Serious about Language in Wales

Sign2Bala, Gwynedd, Wales

The Welsh are serious about their language.  As I wrote in ‘Croeso i Gymru: Welcome to Wales’, Clive and I were aware that in recent years, the government initiated programs to reverse the declining use of written and spoken Welsh.

We were still surprised at how much Welsh we saw and heard on this trip.  According to Wikipedia, the 2004 Welsh Language Use Survey reported 21.7% of the population of Wales were Welsh speakers, up from 18.5% in 1991. Since 2000, teaching of Welsh to students up to age 16 is mandatory in all schools.

Many of those who speak Welsh as a first language live in the north and west of the country, where we’re spending our time.

In Bala, in the Gwynedd region, we were surprised at how much spoken Welsh we heard. We bought a tourist map (in English) at the local bookshop, Awen Meirion, but virtually all the llyfrau (books) and other maps (mapiau) were in Welsh.


Sign4It Goes Deeper

I found an online reference to a novel based on Welsh history, ‘Tongue Tied’, by Peter Griffiths. Among other themes, according to the publisher, the book explores “the tension that arises at times between the majority of Welsh people who can’t speak Welsh and the minority who can; and the divisiveness of the language in these instances is compared, with sadness, to its crucial unifying role over the millennia.”

Our exposure to the Welsh language was largely limited to roadsigns and overheard conversations. In some cases, we could see the similarity between Welsh and English words; in others, they’re completely different.

We noticed, as often happens when you travel, that locals speaking Welsh to each other seemed to know instinctively we were visitors, and automatically spoke English to us.

Whether marvelling at the complexity of the language and wondering how difficult it would be to learn, or simply enjoying the sounds of children talking, we were impressed.

3 Responses

  1. Hi Carol,

    A most interesting post, and I also liked your attractive illustrations.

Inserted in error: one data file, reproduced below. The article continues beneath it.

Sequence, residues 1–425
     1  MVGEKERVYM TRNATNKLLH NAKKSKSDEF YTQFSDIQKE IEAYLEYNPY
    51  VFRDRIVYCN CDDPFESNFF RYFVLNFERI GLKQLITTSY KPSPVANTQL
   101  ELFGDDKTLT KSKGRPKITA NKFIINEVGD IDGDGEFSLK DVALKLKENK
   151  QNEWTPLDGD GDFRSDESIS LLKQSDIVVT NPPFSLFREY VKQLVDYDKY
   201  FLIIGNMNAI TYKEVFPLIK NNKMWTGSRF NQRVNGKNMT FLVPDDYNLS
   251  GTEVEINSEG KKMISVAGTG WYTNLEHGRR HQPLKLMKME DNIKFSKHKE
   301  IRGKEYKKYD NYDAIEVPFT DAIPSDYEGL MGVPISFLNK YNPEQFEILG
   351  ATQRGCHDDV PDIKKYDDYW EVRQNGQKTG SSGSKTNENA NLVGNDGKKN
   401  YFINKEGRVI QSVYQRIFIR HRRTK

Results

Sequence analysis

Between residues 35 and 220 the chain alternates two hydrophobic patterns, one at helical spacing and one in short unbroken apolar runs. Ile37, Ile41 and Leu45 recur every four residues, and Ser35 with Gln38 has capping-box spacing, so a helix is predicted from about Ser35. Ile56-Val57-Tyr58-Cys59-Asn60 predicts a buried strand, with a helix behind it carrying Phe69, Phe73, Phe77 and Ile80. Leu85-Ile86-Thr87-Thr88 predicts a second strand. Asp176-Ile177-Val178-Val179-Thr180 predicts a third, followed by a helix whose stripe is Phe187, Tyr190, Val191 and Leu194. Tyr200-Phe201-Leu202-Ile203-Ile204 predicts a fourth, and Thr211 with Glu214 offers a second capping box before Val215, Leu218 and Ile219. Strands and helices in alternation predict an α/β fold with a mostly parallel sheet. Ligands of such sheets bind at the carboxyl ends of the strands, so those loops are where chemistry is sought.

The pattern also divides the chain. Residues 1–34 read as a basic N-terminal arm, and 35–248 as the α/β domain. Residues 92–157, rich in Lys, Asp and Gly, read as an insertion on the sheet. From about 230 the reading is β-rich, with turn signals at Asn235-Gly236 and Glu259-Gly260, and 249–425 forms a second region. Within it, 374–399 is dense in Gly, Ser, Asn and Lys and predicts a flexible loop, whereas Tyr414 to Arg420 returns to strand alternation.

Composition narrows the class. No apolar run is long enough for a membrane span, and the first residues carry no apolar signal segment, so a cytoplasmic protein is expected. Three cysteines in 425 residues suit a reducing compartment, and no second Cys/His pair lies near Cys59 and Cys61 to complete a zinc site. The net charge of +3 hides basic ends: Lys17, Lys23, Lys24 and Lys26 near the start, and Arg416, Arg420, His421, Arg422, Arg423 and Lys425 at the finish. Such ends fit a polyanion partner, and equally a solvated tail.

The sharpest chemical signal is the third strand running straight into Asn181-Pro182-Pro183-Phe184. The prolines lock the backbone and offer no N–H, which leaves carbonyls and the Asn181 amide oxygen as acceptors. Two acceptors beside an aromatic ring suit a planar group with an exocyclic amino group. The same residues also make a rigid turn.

Dialects (or languages) serve four functions: unify (the Hebrew language in Israel, for example); separate (province of Quebec in Canada with its large number of French speaking residents); confer prestige (admiring an individual one thinks is a fine speaker of standard English–whatever variety); and provide a geographic frame of reference (making it easy to figure out where one comes from.)

    Welsh is a Celtic language, one of the very large family of Indo-European languages. English is in that family too. The Celtic languages were pushed to the edges of what we call today the British Isles: Wales, Ireland, Scotland in the days well before English became dominant. Later on when England became dominant and after English kings spoke English again rather than French (those Norman French did have their way at the Battle of Hastings), England became the dominant language. England was not exactly sympathetic to people speaking other languages in any area under their control, and fought quite a few battles in the British Isles in which language was one of many issues.

    In recent years there has been renewed interest in folks learning how to speak their vernacular language. The BBC has a wonderful web site on which you can hear samples of many languages and dialects that are in danger of becoming extinct. Language death it is called.

    While there are over 45 countries in which English is the official or co-official language, many people in these countries feel that English was forced on them due to 19th century colonialism. In some countries such as Kenya political unrest has occurred over the feelings of many that English should be secondary to tribal languages and dialects that should be preserved.

    One of the great differences between the Germanic languages such as English and the Celtic languages such as Welsh are the consonant combinations. There are consonant combinations in Welsh that most English speakers can’t get their tongues around and are never found in English words. Nonetheless we are likely to find cognates in English and Welsh; these are “language cousins” in which we still find a kinship of shared word ancestry.

  2. Wow, Eleanor, after reading that I feel like I’m back at university! Then again, you are an English professor 🙂

    Thanks for sharing your expertise. I think you could have a great blog of your own.

  3. Aren’t languages fascinating? I wish my fascination with them would make them easier to learn to speak.

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